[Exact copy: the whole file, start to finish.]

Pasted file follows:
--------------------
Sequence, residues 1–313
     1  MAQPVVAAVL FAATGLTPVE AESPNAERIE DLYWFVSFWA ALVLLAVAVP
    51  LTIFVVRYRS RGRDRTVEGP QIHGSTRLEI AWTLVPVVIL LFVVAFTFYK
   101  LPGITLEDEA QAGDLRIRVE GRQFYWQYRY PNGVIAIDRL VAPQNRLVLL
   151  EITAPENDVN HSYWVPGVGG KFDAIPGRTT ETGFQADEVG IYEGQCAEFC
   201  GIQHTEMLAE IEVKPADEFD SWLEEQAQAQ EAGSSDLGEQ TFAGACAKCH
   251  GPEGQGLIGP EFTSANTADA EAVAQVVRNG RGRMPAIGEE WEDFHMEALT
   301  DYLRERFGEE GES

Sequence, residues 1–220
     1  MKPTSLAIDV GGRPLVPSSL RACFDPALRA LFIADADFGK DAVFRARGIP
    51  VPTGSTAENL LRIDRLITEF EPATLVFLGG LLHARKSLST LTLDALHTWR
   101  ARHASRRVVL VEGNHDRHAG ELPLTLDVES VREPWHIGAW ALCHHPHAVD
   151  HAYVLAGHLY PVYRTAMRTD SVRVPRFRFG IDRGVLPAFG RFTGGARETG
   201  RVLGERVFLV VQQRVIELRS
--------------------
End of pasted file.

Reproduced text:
Sequence, residues 1–313
     1  MAQPVVAAVL FAATGLTPVE AESPNAERIE DLYWFVSFWA ALVLLAVAVP
    51  LTIFVVRYRS RGRDRTVEGP QIHGSTRLEI AWTLVPVVIL LFVVAFTFYK
   101  LPGITLEDEA QAGDLRIRVE GRQFYWQYRY PNGVIAIDRL VAPQNRLVLL
   151  EITAPENDVN HSYWVPGVGG KFDAIPGRTT ETGFQADEVG IYEGQCAEFC
   201  GIQHTEMLAE IEVKPADEFD SWLEEQAQAQ EAGSSDLGEQ TFAGACAKCH
   251  GPEGQGLIGP EFTSANTADA EAVAQVVRNG RGRMPAIGEE WEDFHMEALT
   301  DYLRERFGEE GES

Sequence, residues 1–220
     1  MKPTSLAIDV GGRPLVPSSL RACFDPALRA LFIADADFGK DAVFRARGIP
    51  VPTGSTAENL LRIDRLITEF EPATLVFLGG LLHARKSLST LTLDALHTWR
   101  ARHASRRVVL VEGNHDRHAG ELPLTLDVES VREPWHIGAW ALCHHPHAVD
   151  HAYVLAGHLY PVYRTAMRTD SVRVPRFRFG IDRGVLPAFG RFTGGARETG
   201  RVLGERVFLV VQQRVIELRS